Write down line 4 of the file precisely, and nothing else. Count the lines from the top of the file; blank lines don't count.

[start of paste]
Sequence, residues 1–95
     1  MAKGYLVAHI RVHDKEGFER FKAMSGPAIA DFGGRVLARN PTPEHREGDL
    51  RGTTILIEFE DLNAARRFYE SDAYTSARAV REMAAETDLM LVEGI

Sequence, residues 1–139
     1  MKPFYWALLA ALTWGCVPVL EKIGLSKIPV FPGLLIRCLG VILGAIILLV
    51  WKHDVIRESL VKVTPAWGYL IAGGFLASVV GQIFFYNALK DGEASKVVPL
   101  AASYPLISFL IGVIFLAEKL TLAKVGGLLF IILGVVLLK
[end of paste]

Sequence, residues 1–139